(Note that the language in the second bulleted item, taken holistically, may impose on a borrower economic sanctions compliance obligations and contractual liability far wider than applicable law and regulation may impose—depending on the nature of the borrower’s corporate organization, place and type of business, and other factors. Accordingly, we recommend to many borrowers that these types of sections’ respective expansive scopes be narrowed or otherwise be made congruent to—and not beyond—the jurisdictional limit and scope of U.S. sanctions requirements for U.S. borrowers.)

Provisions in Underwriting Agreements Intended to Obtain Assurance That Proceeds from Debt Offerings Will Not Be Used for the Benefit of a Sanctioned Party or a Sanctioned Country

Neither the Company nor any of its subsidiaries, directors, officers or employees, nor, to the knowledge of the Company, any agent, or affiliate or other person associated with or acting on behalf of the Company or any of its subsidiaries is

  • currently the subject or the target of any sanctions administered or enforced by the U.S. Government, (including, without limitation, the Office of Foreign Assets Control of the U.S. Department of the Treasury (“OFAC”) . . . . ;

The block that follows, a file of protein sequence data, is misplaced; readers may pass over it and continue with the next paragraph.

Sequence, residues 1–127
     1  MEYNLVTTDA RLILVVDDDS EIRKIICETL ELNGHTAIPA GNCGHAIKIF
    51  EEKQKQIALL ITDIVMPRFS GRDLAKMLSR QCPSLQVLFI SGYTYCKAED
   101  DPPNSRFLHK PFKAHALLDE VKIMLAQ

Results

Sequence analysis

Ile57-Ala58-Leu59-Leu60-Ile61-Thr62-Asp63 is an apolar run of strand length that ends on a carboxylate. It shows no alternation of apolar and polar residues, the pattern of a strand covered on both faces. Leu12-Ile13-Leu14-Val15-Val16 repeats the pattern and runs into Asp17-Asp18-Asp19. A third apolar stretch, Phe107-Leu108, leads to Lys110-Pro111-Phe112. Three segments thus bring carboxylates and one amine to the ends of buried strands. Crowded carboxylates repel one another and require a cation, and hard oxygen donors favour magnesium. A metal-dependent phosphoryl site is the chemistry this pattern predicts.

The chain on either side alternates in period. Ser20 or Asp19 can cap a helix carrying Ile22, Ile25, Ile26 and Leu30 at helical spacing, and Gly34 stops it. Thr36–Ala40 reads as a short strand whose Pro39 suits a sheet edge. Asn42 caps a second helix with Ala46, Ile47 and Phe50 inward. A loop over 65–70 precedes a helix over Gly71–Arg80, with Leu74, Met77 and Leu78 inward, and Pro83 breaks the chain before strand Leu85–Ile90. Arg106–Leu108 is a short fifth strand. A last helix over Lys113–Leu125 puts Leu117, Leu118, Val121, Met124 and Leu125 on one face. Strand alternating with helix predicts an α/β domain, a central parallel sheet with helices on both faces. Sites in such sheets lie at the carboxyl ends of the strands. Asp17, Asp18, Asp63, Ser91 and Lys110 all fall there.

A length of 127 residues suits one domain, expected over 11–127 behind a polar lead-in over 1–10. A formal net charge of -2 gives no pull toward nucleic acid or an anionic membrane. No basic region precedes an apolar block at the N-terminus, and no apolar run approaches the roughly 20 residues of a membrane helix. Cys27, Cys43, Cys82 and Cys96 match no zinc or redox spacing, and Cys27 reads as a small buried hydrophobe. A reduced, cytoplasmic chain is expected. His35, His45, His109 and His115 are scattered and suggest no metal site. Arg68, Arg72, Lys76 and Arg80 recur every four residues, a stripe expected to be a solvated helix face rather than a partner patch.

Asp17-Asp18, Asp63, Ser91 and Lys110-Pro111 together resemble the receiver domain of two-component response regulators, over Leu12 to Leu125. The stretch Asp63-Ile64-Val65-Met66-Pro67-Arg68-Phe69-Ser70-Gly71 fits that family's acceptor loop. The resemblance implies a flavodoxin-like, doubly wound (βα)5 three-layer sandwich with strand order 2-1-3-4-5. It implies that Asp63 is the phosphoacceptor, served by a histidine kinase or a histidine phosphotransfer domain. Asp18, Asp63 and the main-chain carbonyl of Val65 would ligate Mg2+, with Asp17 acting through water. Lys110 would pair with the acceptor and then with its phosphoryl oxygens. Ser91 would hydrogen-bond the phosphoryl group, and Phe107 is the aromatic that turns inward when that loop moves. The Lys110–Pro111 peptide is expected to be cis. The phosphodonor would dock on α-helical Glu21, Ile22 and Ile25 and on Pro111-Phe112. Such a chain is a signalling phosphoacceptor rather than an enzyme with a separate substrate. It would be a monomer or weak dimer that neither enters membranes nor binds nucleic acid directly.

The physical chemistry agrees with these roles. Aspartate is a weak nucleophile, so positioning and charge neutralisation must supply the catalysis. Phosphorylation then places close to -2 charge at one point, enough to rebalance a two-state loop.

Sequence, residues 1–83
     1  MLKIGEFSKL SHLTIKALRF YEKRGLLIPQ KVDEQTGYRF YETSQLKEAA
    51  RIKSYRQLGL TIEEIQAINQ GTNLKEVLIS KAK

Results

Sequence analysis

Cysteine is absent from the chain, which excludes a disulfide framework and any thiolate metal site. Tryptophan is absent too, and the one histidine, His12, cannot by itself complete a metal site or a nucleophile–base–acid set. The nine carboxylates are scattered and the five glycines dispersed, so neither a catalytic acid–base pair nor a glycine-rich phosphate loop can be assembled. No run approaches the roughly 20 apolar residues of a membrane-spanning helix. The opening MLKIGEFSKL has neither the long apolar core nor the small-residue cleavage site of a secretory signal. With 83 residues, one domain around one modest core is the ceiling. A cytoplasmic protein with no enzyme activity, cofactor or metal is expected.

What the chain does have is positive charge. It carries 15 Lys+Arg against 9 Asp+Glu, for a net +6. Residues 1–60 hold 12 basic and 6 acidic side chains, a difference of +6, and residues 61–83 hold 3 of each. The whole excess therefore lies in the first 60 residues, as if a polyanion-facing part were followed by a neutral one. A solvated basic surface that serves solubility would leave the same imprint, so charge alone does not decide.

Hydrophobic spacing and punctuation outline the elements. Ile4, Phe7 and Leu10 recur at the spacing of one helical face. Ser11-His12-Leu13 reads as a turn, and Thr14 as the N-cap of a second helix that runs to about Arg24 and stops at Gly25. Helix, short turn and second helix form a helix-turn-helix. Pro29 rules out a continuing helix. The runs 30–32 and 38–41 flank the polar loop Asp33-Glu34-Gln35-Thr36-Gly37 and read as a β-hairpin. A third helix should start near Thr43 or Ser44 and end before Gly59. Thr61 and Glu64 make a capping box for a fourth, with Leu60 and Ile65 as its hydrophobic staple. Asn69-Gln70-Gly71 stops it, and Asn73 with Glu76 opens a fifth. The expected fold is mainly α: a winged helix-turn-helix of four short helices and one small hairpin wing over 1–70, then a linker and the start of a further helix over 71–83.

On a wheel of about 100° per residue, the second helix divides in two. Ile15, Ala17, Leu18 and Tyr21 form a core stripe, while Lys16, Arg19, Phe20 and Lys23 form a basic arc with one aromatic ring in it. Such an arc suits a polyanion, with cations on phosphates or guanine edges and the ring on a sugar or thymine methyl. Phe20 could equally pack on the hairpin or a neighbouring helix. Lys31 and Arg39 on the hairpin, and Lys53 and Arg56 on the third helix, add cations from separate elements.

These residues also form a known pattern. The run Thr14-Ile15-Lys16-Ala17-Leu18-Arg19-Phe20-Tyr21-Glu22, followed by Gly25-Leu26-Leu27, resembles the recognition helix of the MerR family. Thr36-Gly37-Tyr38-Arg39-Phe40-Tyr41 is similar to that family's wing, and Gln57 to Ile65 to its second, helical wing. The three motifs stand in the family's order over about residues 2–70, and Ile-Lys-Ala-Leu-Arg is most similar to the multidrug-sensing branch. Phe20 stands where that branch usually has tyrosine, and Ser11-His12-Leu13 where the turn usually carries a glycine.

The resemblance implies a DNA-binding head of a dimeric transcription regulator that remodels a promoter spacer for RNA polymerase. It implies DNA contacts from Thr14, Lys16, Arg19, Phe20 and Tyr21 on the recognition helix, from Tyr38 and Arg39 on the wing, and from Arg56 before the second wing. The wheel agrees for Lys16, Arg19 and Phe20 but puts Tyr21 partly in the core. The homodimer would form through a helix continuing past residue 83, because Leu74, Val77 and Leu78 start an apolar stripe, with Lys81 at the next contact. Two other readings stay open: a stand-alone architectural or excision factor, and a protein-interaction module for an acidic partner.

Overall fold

•  nor is the Company, any of its subsidiaries located, organized or resident in a country or territory that is the subject or the target of Sanctions, . . . . (a “Sanctioned Country”); and
  • the Company will not directly or indirectly use the proceeds of the offering of the Securities hereunder, or lend, contribute or otherwise make available such proceeds to any subsidiary, joint venture partner or other person or entity (i) to fund or facilitate any activities of or business with any person that, at the time of such funding or facilitation, is the subject or the target of Sanctions, (ii) to fund or facilitate any activities of or business in any Sanctioned Country or (iii) in any other manner that will result in a violation by any person (including any person participating in the transaction, whether as underwriter, advisor, investor or otherwise) of Sanctions. 

For the past 5 years, the Company and its subsidiaries have not knowingly engaged in and are not now knowingly engaged in any dealings or transactions with any person that at the time of the dealing or transaction is or was the subject or the target of Sanctions or with any Sanctioned Country.

Additional Considerations

Although the above types of sample OFAC sanctions compliance provisions are currently quite commonplace, the contract parties that insert this type of language into their agreements should note that although such provisions may impose restraints on a contract counterparty, they do not absolutely immunize the contract parties from all OFAC liability in cases where the contract counterparty violates the relevant OFAC sanctions compliance language.

OFAC and other U.S. regulatory agencies are not bound by the terms of such agreements between private parties. Based on the specific facts and circumstances of a particular transaction, OFAC can seek to impose strict liability on a contracting party for certain violations committed by the contract counterparty, despite language in the agreement in which the contract counterparty covenanted that it would comply with all OFAC prohibitions.